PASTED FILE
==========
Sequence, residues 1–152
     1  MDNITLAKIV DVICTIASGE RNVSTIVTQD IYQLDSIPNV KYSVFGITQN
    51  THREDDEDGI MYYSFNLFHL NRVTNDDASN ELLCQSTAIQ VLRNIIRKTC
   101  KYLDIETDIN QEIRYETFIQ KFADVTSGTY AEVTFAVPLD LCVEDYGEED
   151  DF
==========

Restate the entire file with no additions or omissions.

Sequence, residues 1–152
     1  MDNITLAKIV DVICTIASGE RNVSTIVTQD IYQLDSIPNV KYSVFGITQN
    51  THREDDEDGI MYYSFNLFHL NRVTNDDASN ELLCQSTAIQ VLRNIIRKTC
   101  KYLDIETDIN QEIRYETFIQ KFADVTSGTY AEVTFAVPLD LCVEDYGEED
   151  DF